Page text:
Bart Fuller tells an instructive story at Mises.org.
Items for sale included various candy bars, treats and toys, with a couple of gift cards to ice cream shops and bookstores to make it interesting. Everyone who took part started out with the same amount of play money. There was no more to be had; it was a limited supply. Since the supply was limited, all the participants had to look ahead and plan their purchases and bidding accordingly. There was no ability to pull out a credit card and charge more for an item than they actually had on hand. Play cash was king. […]
Once people started winning some of their bids though, there was a change. Invariably, someone would win an item or two and then have only a few play dollars left. So few, that the amount they had left was now worthless for any further use in the auction. Once this point was reached the person would decide they had better things to do. Before leaving however, they would offer their small amount of leftover money to someone else. This started a secondary auction — the new auction being one in which the remaining active bidders vied for the unwanted play money of the people leaving.
Engagement in this second auction occurred each time someone left the primary auction with the departing player giving the money to whomever they liked. The winners of this new money suddenly had more purchasing power than those who were not as fortunate, leaving the less fortunate in the lurch as they were consistently outbid for the remaining items by the new-money bidders. For the sake of argument, let’s say these winners received a “liquidity infusion.”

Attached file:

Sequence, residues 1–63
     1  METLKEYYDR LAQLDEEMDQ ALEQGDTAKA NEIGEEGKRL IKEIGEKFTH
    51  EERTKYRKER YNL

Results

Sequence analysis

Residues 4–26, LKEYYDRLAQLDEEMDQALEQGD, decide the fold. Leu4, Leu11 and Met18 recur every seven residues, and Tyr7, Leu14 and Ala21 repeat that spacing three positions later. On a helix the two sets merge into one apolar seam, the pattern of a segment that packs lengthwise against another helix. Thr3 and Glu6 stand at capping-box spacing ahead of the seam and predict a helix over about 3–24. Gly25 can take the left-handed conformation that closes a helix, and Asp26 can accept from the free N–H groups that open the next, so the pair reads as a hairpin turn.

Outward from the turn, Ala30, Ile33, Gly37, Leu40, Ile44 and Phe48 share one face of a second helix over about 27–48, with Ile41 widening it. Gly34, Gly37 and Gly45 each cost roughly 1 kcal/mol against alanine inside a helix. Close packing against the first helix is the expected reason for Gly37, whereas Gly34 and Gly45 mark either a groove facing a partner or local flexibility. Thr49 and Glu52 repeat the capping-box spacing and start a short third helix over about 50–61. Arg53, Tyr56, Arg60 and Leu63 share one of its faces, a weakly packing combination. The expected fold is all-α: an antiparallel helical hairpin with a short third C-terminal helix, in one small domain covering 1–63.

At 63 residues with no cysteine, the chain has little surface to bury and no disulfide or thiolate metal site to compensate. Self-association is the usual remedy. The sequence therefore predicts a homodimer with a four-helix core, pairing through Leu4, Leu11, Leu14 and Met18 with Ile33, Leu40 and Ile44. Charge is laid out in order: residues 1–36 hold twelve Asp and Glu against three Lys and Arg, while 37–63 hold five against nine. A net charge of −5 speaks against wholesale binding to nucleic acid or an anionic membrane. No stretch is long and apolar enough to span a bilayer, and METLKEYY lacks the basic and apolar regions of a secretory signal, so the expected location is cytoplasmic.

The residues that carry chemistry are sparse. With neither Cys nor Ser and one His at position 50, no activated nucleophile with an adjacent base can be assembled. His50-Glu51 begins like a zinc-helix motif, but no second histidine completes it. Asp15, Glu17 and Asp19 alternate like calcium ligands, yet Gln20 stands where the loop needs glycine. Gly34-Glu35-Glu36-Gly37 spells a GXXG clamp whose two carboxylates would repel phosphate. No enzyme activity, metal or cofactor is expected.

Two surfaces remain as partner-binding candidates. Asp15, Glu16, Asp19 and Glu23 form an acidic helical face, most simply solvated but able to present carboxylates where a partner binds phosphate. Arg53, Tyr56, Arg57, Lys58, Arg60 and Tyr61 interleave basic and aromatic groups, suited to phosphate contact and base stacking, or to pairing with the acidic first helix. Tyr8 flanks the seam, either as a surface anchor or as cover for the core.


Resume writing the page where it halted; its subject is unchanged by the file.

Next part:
As time went on, this process only got worse. There was a greater and greater disparity between those who had money and those who did not. In fact, it was possible for those who had all of their original money and had been saving it for a certain item, to lose their bid to someone else who had spent the original money, but also received a “liquidity infusion.” Those with new money were able to bid up the prices of the remaining items and crowd out the people who had not received a new liquidity infusion.
This is a perfect example of inflation in action. Those with augmented resources raised the prices of items with their extra money. Thus the usual definition of “inflation,” a general rise in prices, resulted from the actual definition of “inflation,” an increase in the money supply.
Trackposted to The Virtuous Republic, , Rosemary’s Thoughts, The World According to Carl, DragonLady’s World, Shadowscope, The Pink Flamingo, Cao’s Blog, NN&V, Democrat=Socialist, and Dumb Ox Daily News, thanks to Linkfest Haven Deluxe.